Football player dribbling the soccer on the football ground

SEO and Sport: Why Unknown Stars Offer Huge Search Opportunities

Fear not the unknown. It is a sea of possibilities

Tom Althouse

In this post I will help you to spot potential topics that will lead to huge, short-term spikes in search and how to capitalise on this search interest. I will then give thought to how you can optimise content to make use of this new traffic -where do you want users to go, how can you get more than just a short-lived boost to page impressions?

Right – best get on with it.

To get us started a memory test – it’s meant to be tough, so don’t stress if you score zero.

Do you remember Billy Gilmour winning Man of the Match when Chelsea played Liverpool in the FA Cup in March?

OK. How about Dustin Brown beating Rafa Nadal at Wimbledon

No? Well, if you don’t remember either of those I really don’t hold out great hope that you recall James Cahill beating Ronnie O’Sullivan in the first round of the snooker World Championship (to be fair, I had to look his name up, I could only recall that Ronnie suffered a shock loss to someone).

All of these events are pretty much completely forgotten now and were largely forgotten within a week or two of their occurrence.

If we look at search graphs for Billy, Dustin and James we see that either side of their notable performance they attract no interest.

Graph 1: Billy Gilmour – his graph shows a huge spike in March 2020 – note that it does not fall quite as quickly as the subsequent examples, this because Gilmour was also influential in a league game a few days later.

graph showing searches for Chelsea footballer Billy Gilmour, with a spike in march 2020

Graph 2: Dustin Brown has played at Wimbledon seven times but he has only attracted significant search traffic in the UK twice in his career. In 2017, he lost to Andy Murray and, more notably, in 2015 he shocked Rafa Nadal.

Graph showing Google searches for tennis player Dustin Brown, with a spike in 2017 when he beat Rafa Nadal

Graph 3: James Cahill turned pro in 2013 but his career has garnered little attention bar that one match…

Graph showing Google searches for James Cahill, a snooker player who beat Ronnie O'Sullivan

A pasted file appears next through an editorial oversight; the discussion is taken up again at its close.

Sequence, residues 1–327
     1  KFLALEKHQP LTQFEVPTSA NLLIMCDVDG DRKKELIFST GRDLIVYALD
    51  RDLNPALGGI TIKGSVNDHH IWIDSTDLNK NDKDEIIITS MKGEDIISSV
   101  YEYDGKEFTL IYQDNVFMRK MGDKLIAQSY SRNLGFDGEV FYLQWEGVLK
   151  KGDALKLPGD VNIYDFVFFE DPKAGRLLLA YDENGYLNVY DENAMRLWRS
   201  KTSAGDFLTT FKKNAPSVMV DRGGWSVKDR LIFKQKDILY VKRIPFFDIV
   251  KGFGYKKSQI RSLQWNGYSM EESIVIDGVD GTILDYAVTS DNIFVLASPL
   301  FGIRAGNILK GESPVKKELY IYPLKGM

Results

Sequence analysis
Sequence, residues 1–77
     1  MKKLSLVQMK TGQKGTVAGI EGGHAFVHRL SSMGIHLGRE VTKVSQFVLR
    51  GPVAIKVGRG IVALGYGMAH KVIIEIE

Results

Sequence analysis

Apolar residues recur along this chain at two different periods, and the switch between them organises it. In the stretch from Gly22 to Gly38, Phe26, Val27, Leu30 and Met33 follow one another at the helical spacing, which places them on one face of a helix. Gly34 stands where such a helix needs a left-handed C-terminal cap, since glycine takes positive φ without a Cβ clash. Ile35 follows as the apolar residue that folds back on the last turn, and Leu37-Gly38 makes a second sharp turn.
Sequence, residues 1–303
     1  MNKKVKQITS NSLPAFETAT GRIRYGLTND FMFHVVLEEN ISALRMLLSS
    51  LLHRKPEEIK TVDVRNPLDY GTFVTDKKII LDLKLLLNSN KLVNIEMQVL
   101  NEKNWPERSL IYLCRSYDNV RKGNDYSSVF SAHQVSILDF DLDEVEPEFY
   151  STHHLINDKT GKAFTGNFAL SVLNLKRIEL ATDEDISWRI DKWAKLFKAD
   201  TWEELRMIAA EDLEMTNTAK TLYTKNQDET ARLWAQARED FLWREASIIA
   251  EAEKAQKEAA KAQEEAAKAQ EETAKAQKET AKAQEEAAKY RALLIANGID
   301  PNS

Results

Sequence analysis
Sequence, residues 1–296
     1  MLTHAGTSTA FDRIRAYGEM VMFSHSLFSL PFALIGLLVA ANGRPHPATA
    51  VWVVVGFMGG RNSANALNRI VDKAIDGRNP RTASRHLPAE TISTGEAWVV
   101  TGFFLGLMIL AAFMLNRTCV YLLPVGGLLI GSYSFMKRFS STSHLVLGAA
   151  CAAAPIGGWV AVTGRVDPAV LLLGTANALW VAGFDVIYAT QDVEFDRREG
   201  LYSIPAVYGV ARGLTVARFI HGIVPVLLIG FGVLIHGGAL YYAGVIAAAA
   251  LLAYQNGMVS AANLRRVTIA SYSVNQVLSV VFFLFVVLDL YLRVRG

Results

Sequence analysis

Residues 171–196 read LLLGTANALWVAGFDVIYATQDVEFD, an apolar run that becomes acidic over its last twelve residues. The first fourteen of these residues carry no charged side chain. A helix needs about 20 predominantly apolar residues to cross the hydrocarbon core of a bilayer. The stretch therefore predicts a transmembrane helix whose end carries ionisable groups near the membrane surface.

Why This Matters

So far, so obvious.

That there was interest in huge underdogs who knocked out an established star, or the unknown youngster excelling in a game live on TV comes as little surprise.

However, what may be a surprise is both the level of search interest and also just how quickly it fades again.

The search traffic presents opportunities but only if you are incredibly fast. Fast doesn’t mean preparing content for the next morning, it doesn’t mean this evening. It doesn’t even mean sometime in the next hour or two, or, when other tasks have been completed – the match report, the post match quotes…

Fast means right now – in these situations you have minutes, at most.

The lightbulb moment for me came during the Third Test between England and South Africa at the Oval – day 2, July 28 2017. You’re forgiven for being unable to immediately recall the day’s play.

Toby Roland-Jones, on his England debut, came on to bowl first change – South Africa about 20-0 and not much happening. Half an hour later, Roland-Jones had taken four wickets in just 33 balls, South Africa were reeling and searches for Toby Roland-Jones, Who is Toby Roland-Jones, and who is Roland Toby-Jones were soaring.

And then, an hour later, it had died down. There were still significant searches for TRJ, but down by about 70% already from the peak, by the close of play the search volume was around 20% what it had been during that glorious, short-lived passage of play.